Battle of Dresden summary
The Battle of Dresden was fought on 26–27 August 1813 around Dresden, Germany, resulting in a French victory under Napoleon against forces of the Sixth Coalition of Austrians, Russians and Prussians under Field Marshal Schwartzenberg.
- On 16 August, Napoleon had sent Marshal Saint-Cyr's corps to fortify and hold Dresden in order to hinder allied movements and to serve as a possible base for his own manoeuvres.
- On August 26 Karl Philipp Fürst zu Schwarzenberg, the commander of the Austrian force of over 200,000 men of the Austrian Army of Bohemia (and accompanied by the Austrian emperor, the Russian tsar and the Prussian king), attacked Saint-Cyr.
- Napoleon arrived quickly and unexpectedly with reinforcements to repel this assault.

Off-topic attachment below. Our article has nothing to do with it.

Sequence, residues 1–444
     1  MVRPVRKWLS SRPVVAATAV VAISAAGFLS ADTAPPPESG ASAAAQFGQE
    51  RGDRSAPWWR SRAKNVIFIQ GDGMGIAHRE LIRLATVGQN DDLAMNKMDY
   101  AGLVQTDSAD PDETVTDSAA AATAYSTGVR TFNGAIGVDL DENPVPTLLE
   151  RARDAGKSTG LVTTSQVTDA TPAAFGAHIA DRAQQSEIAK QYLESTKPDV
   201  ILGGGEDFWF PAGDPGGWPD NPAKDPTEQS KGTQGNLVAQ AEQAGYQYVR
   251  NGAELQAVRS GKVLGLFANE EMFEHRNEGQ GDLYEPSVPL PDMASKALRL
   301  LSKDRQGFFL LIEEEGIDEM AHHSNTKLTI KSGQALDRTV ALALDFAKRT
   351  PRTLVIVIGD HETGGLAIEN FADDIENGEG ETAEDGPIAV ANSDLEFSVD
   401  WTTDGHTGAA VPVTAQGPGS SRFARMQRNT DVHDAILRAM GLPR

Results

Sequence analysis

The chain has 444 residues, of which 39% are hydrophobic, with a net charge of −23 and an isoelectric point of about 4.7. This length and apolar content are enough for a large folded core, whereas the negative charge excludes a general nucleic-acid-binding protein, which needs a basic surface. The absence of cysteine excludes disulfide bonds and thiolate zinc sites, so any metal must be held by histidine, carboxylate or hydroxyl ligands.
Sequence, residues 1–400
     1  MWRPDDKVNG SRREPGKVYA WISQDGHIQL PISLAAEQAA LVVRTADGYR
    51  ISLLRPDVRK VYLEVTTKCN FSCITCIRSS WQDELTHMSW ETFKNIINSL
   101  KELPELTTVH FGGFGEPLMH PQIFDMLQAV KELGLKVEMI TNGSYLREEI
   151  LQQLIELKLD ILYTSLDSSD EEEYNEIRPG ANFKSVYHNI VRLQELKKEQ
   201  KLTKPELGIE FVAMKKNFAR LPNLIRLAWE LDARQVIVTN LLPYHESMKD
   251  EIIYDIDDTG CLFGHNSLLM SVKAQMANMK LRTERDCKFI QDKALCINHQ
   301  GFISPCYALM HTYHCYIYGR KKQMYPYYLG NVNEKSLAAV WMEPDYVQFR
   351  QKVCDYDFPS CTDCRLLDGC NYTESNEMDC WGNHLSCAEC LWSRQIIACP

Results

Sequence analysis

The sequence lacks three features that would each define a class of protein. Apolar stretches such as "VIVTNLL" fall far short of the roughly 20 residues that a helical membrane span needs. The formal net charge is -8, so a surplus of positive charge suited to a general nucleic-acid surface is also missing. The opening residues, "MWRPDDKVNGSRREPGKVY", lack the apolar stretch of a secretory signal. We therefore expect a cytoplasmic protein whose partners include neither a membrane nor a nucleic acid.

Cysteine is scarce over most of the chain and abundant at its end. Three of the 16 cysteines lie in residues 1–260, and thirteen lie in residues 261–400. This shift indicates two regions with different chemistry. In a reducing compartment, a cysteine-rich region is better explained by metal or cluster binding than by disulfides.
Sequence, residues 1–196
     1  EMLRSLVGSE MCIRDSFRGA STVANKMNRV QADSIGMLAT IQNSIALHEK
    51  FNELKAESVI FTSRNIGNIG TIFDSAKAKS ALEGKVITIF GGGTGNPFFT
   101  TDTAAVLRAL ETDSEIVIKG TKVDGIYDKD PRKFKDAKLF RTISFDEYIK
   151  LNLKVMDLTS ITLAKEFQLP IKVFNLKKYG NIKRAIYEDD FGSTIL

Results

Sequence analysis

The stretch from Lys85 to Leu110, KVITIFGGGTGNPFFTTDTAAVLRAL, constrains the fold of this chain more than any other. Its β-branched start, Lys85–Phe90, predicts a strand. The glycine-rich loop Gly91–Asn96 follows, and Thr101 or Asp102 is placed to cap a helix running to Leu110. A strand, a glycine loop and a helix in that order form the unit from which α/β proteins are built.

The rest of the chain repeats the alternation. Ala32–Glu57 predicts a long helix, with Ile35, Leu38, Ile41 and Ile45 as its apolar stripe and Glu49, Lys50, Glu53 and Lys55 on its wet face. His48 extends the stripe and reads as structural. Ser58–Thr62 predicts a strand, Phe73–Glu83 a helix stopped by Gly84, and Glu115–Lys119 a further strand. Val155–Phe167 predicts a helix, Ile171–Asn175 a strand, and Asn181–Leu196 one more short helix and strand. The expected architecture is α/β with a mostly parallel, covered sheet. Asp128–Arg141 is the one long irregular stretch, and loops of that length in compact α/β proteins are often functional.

- Although outnumbered two to one, Napoleon attacked the following day (27 August), turned the allied left flank, and won an impressive tactical victory.
- Nearly all of Klenau's battalions on the left were compelled to lay down their arms, and two other divisions of infantry shared their fate.
- Gyulai's divisions also suffered serious losses when they were attacked by Murat's cavalry during a rainstorm. With damp flints and powder, their muskets would not fire and many battalions became an easy prey to the French cuirassiers and dragoons.
- Suddenly, Napoleon had to leave the field by virtue of a sudden fit of gastric spasma and the failure to follow up on his success allowed Schwarzenberg to withdraw and narrowly escape encirclement.